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Should I Be Warming Up Before a Weight Lifting Workout?

8/20 14:07:40

question-icon-newMy friend told me that he doesn’t do any type of warm-up exercises before weight training and he only stretches his muscles. He said that he gets tired after warming up and does not have enough energy to lift weights with a high level of intensity. But for me, I do both stretching and also a warm-up for about 20 minutes before weight training and I still have enough energy to complete my workout. Am I able to warm-up like I do without getting tired because I have more muscle mass than my friend? I’m a little concerned now that maybe I should stop warming up since it might give me even more energy to lift heavier weights. Can you let me know if this is a good way to go about it? Also, if you do recommend warming up before weight training, can you provide the proper amount of time and which exercises to use to get warm but avoid losing too much energy for my weight training workout?

answer-icon-newIt’s always important to warm-up for at least 10 minutes before starting any intense workout or exercise program. Your main goal with warming up is to safely prepare your body for the increased demands of exercise and reduce the risk of injury. It’s important to get your circulatory and respiratory system ready for your workout by slowly increasing your heart rate and getting oxygenated blood fully circulated to the entire body. One of the ways you can tell if you are warmed up is by checking to see if you’re breaking a light sweat during your warm-up exercise, which usually occurs around the 10 minute mark depending on which exercise you choose to warm-up with (jumping rope, riding the stationary bike, walking on the treadmill).

It’s very important that you fully warm-up to get the blood flowing and your muscles warm before stretching or doing any resistance training like lifting weights. You want to avoid stretching cold muscles. Muscle fibers that have not warmed up do not stretch as easily and doing this could result in injury. The reason why it’s difficult to stretch a cold muscle is because of a lack of oxygen in the muscle. By warming up for 10 minutes, you will increase your heart rate which delivers enough blood and oxygen to your muscles to get them warmed up and ready.

Importance of Warming Up

  • Increases blood flow to your muscles (a warm muscle is more flexible).
  • Raises total body temperature and muscle temperature.
  • Increases oxygen and nutrients to your muscles.
  • Prepares your heart for an increase in activity and exercise.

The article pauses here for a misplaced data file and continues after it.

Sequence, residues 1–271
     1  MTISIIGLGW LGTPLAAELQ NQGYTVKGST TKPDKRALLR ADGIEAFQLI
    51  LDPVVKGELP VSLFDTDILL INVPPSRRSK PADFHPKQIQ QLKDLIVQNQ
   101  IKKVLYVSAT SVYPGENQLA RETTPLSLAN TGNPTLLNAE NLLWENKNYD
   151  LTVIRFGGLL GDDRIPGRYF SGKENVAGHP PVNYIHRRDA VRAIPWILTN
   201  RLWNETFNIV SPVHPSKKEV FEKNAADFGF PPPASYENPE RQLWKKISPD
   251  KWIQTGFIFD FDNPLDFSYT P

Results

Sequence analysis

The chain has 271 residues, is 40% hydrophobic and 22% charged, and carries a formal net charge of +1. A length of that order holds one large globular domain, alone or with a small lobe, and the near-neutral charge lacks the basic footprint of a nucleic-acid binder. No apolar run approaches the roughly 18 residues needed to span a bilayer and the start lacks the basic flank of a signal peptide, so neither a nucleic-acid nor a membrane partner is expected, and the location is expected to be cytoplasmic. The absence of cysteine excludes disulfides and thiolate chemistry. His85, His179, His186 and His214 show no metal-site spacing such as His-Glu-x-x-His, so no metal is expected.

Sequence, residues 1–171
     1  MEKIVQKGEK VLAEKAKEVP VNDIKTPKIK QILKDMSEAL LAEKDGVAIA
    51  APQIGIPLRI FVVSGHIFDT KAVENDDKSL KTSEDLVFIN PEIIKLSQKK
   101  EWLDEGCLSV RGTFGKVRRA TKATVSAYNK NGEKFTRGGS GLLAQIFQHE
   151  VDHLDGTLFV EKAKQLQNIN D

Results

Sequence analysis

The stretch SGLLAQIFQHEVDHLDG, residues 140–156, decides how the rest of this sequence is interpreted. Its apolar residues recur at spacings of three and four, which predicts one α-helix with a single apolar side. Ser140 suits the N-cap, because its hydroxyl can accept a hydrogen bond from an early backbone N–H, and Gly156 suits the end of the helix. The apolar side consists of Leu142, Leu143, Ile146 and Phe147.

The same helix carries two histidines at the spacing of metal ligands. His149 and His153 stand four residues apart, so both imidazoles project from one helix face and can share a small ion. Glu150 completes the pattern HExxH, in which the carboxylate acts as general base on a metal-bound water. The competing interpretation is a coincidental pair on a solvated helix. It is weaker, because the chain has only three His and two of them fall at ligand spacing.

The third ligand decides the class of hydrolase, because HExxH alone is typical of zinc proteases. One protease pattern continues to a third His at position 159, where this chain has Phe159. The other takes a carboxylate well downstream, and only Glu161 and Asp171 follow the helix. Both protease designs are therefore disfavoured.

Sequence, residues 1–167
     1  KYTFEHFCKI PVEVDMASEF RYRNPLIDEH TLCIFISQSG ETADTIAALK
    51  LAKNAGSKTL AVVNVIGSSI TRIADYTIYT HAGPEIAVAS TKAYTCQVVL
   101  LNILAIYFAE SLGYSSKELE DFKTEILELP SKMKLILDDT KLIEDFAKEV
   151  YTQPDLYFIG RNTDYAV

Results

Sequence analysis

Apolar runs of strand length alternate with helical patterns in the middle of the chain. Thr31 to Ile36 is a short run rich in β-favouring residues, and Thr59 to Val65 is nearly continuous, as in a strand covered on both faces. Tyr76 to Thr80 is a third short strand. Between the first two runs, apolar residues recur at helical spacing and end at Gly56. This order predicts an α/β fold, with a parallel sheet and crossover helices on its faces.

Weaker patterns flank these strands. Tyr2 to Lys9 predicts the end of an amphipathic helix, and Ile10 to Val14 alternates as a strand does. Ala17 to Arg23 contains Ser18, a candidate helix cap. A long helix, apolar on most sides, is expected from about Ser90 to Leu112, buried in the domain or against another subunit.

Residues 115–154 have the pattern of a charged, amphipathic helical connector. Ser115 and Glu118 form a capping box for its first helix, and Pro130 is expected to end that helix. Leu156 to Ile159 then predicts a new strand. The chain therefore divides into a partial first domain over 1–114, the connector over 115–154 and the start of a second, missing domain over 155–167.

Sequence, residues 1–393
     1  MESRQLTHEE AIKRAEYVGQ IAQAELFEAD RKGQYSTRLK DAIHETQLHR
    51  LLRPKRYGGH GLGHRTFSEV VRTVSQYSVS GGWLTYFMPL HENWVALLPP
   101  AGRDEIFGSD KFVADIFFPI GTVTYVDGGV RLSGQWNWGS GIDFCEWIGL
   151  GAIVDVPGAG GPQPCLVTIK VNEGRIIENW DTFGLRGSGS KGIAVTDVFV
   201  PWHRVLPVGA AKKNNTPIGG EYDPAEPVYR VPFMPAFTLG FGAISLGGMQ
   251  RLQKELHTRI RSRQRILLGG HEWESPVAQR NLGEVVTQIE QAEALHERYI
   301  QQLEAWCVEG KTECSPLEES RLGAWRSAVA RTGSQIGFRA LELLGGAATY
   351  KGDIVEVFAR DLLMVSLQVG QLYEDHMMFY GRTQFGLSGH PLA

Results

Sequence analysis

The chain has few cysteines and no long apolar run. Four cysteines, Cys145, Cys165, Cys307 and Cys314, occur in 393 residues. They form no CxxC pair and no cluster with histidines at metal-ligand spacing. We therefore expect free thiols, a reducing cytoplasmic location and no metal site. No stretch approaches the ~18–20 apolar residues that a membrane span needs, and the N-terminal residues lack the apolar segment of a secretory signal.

• Prepares your muscles for stretching and resistance exercise.

Along with a general warm-up before starting your weight training workout, you also need to warm-up the specific muscle group you will be training. So, make sure to do about 10 minutes of light cardio before your workout in order to break a light sweat and then when you begin your actual weight training workout, do a few warm-up sets of 15-20 reps with a light weight to get the muscle group warmed up and ready before moving onto heavier weight.

For your friend who seems to lose energy when he warms up before working out, it might be the specific type of warm-up exercise he is doing. If he is performing intense exercise like running for 20 minutes before lifting weights then this can cause issues with keeping his energy levels high during a weight lifting session. The reason why you want to avoid doing too much high intensity cardio is because it depletes your glycogen stores (carbohydrates) and this is what provides the main energy source for pushing you through a hardcore weight lifting workout. You do not want to waste your fuel and energy reserves on the warm-up before your workout! So, do some very light cardio like walking on the treadmill or riding the stationary bike for 10 minutes before starting your weight training workout. If you want to do additional cardio, always perform it after your weight workout to ensure you will be tapping into and burning your fat stores primarily after you have burned off all the carbs (glycogen) when lifting weights.

For your concerns about strength levels, every person’s body is different which will cause some to be much stronger than others. Some people have stronger tendons and ligaments and can simply lift much heavier weights than people of the same height and weight. It really comes down to genetics and this is the foundation of body types, metabolism differences and levels of overall strength. Try your best to work with your natural genetics and optimize your results with proper nutrition, resistance exercise and adequate rest.

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